Renée Elise Goldsberry’s voice echoes down the line– clear, rich, and warm, much like the commanding power, laced with the vulnerability she brings to her now-signature Hamilton song, “Satisfied.”
“I could not sleep the night before we recorded that song,” Goldsberry says referencing the track that very well cemented her 2016 Tony win for Outstanding Featured Actress in a Musical (not to mention her Drama Desk and Lucille Lortel Award for Off-Broadway excellence). “I just knew, because I grew up on cast recordings, that any little girl like me would learn this song from this cast album.”
The singer reminisces on a childhood spent belting out lyrics to songs heard on Houston radio stations, first introduced by her parents. It's safe to say Goldsberry's family held a passion for the arts. “I’d be in the back seat singing too loud or rapping too loud, annoying my brother,” she admits with a chuckle. “He used to say, ‘Renée, it’s not that you sing all the time, it’s that you sing all the time so loud.’”
That volume paid off when Goldsberry’s parents enrolled both children in a Houston International Theatre School summertime program to keep them out of the house and away from the sweltering Space City heat. Though not yet the Tony-winning star she would become, Goldsberry, then 8, embraced every quick change and dance step with an enthusiasm and effortlessness that would one day inform her future career. “I was just the happiest kid alive to be in the background,” Goldsberry recalls. “I just changed my clothes, and I kept coming on, singing backup, and it was amazing.”
The exhilaration of her time on the stage, coupled with a coveted role in the children’s chorus during a 1981 Houston Grand Opera production of Carmen, left Goldsberry with a simple guiding principle: the next time someone pointed at her and asked her to sing, she’d sing as loud and proud as she could. “Here I am decades later.”
In fact, she’s unforgettable decades later thanks to a Lin-Manuel Miranda’s rap-styled musical about America’s Founding Fathers and her show stopping number in its first act. Her bold and charismatic voice and the empathy she imparted to an otherwise mysterious character shrouded in the dusty pages of history, charmed the hearts of millions and turned the homegrown Houstonian into a household name.
And while her own story doesn’t unfold onstage as Alexander Hamilton’s does (you’d have to see the play), the hard-won journey to score was a monumental moment in the star’s career. “It's still my voice,” she explains. “It's still the sum of my experiences and my perspective that are going to make it in any way interesting. I can only imitate somebody else for so long.”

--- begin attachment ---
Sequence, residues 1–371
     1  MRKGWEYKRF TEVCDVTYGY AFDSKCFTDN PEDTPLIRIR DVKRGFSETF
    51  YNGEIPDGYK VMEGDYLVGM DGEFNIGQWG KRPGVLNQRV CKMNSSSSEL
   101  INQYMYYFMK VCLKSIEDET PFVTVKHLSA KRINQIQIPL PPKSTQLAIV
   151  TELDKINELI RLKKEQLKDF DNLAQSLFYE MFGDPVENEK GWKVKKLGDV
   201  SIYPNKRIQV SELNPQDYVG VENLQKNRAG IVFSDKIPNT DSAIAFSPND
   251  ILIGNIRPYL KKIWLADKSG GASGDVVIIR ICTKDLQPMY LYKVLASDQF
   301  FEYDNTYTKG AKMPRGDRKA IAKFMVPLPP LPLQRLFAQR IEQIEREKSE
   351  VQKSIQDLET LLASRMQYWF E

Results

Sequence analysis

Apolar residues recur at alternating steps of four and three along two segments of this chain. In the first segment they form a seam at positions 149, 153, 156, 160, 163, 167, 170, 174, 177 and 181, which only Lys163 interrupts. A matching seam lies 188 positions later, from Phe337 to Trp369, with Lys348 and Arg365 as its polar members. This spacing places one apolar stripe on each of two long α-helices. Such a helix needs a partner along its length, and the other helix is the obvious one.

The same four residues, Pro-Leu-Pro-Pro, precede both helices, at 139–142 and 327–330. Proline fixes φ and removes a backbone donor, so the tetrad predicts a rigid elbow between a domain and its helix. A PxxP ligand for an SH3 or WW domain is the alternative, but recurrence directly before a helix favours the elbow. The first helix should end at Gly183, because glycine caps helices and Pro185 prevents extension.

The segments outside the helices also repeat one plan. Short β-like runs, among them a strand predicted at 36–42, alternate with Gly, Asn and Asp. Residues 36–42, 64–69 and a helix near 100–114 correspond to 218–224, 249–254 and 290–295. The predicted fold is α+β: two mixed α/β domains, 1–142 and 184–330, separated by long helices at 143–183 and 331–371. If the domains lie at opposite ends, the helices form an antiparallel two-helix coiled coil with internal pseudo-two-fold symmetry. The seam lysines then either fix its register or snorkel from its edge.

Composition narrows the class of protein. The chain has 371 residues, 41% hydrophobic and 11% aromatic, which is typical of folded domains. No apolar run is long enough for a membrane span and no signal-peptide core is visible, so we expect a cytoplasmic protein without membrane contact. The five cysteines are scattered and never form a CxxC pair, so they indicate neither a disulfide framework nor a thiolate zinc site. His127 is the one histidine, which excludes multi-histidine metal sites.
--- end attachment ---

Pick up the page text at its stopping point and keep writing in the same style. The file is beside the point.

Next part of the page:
After leaving Houston as a teenager and eventually graduating from Carnegie Mellon and the University of Southern California, Goldsberry slowly broke into the industry earning recurring stints on shows like Ally McBeal and One Life to Live. When she finally made her way back to the stage, she’d originate the role of Nettie in the Broadway production of The Color Purple and portray the final Mimi in the last shows of RENT.
Now based in the Big Apple, her face has spent many years on primetime networks like CBS, NBC, Netflix, and even in a hit HBO movie starring Oprah Winfrey. And rumor is she’s set to star in the upcoming She-Hulk series on Disney+ — a report she’s not allowed to acknowledge either way, “which I think is super sexy,” Goldsberry laughs.
Another facet that makes its way into every role she embodies? Houston. “I grew up in a really beautiful community of Black people in Houston, a very vibrant community of professional Black people in Houston,” she shares. “If I am ever playing a woman who is intelligent, and beautiful, and loves her family, and is alive and present in her community, it is based on one of the women who raised me in Houston, Texas.”
Goldsberry doesn’t get home to Space City as often these days. Between her mother selling her childhood home in 2019, screen and stage work, and raising two children amid a global pandemic, life’s been going, well, nonstop. That doesn’t mean Houston has to be without one of its golden voices for long. Goldsberry’s releasing a pop album later this year, her first original in 15 years.
Unlike her last dance with the Billboard charts (Hamilton became the bestselling cast album of all time after being certified platinum six times), Goldsberry’s next entrée will feature her own words and message. “It’s the music that I would have wanted to hear driving in the back seat of my car around the Loop.”